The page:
Larry Burkhardt stepped into a new role one year ago: executive vice president and chief development officer for the Fox Cities Regional Partnership, a Fox Cities Chamber of Commerce affiliate, charged with encouraging collaboration among business and municipal entities in the Fox Valley to attract and strengthen the economy. He sat down with Insight editor Margaret LeBrun to talk about the partnership’s mission.
My role involves trying to formulate an image of the Fox Cities that will be useful in terms of marketing to national and international audiences for job creation. We are putting together a regional economic development organization in an area that has never had one.
The organization is a public-private partnership, and the task that I face is to bring those sectors together, acknowledging the fact that we are dealing with up to 60 units of government within our service area. It includes all of Outagamie County, Calumet County and the northern portion of Winnebago County. The biggest challenge I’ve faced to this point is to imbue an understanding that we all win or lose together.
I’ve seen so many different events, facilities, activities that make this a very interesting and intriguing area, like the Fox Cities Book Festival, the Thursday night concerts, the Mile of Music coming up this summer, Octoberfest, the car show at Pierce Park, the PAC (Fox Cities Performing Arts Center), the downtowns – all of these things make this a place that is quality and has something for everyone. The opportunity exists for us to make some solid strides in establishing an image, so when somebody says, “Fox Cities,” it conjures up quality, innovation and dynamism.
I’ve created a little “users’ guide” to the state of Wisconsin for site selectors. We talk about what’s a bubbler, a stop-and-go light, a Tyme machine, sturgeon spearing, deer hunting, Green Bay Packers, supper clubs and Friday fish fries in a tongue-in-cheek, humorous fashion. But we also have a testimonial about our workforce, the fact we have an extraordinarily high graduation rate, extraordinary low crime rate, and it’s an invitation for a site selector to contact us for some hard data. So this is something to give them a sense that, yeah, we’re a little different here, but you’re going to like the difference.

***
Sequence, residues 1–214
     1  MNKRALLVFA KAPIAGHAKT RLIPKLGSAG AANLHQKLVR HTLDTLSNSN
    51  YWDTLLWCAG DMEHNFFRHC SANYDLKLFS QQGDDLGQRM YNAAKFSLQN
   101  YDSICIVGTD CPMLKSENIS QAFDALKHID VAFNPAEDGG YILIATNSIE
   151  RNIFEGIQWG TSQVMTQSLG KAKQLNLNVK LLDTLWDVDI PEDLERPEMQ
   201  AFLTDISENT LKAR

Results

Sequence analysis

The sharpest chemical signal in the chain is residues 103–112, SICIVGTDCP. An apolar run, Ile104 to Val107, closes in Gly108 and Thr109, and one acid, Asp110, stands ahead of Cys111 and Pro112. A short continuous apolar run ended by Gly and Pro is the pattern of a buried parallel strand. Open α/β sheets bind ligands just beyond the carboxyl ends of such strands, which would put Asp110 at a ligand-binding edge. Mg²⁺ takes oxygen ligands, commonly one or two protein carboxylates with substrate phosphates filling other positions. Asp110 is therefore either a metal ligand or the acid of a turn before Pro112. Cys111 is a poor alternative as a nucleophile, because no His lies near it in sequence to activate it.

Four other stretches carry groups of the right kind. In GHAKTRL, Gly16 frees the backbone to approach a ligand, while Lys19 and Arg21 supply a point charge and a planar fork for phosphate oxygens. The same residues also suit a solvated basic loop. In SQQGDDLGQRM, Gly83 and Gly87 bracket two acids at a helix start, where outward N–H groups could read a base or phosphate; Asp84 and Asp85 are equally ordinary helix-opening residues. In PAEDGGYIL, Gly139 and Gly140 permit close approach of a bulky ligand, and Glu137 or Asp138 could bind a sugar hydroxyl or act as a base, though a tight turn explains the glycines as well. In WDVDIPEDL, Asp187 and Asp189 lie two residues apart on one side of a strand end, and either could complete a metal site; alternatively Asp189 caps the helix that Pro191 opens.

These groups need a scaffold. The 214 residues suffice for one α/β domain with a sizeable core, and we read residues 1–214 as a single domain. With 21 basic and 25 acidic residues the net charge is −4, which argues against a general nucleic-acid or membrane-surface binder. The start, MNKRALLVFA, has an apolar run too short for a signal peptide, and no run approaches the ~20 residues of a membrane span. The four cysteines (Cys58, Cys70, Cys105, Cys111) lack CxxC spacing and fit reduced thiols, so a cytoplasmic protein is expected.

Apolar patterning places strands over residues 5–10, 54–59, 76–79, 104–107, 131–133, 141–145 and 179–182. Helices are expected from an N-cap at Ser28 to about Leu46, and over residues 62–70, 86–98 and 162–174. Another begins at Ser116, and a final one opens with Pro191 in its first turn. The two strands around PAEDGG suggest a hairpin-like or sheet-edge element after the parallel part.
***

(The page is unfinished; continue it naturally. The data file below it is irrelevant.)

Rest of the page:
We have initiated our existing industry program to access the opportunities, the challenges, the issues and the overall health of our existing primary employers, with the eye on trying to provide access to resources so that they can become stronger and more competitive.
We’ve also begun work on the attraction program, which includes constructing a website (www.Foxcitiesregionalpartnership.com). The GIS-enabled property-search site, a state-of-the art economic development site, will become our most important marketing tool. That will enable a user to search for properties by size, by type, by location. The data side will allow them access to labor statistics, transportation, community amenities – all the things that are important to that decision.
We’re also in the process of creating our industry councils, with four targeted industries identified in the Garner Report in 2011: Food Processing, Advanced Manufacturing, Quality Business Services and Transportation/Equipment Manufacturing.
Our goal is to support the creation of 1,200 new primary jobs in this service area over the next five years and when that happens, that will mean $75 million in new annual payroll.
We’ve been collecting five-year pledges of support, targeting an annual budget of $800,000. So far we have commitments of $650,000. We have 18 local government entities that have signed on to support us, as well as businesses and nonprofits.
We’re trying to raise the standard of living for the people who live here, to improve their quality of life and give them the chance to compete for a good job so they can make their mortgage payments, so they can buy a car when they need one, so they can put their kids through school. That’s really what we’re about.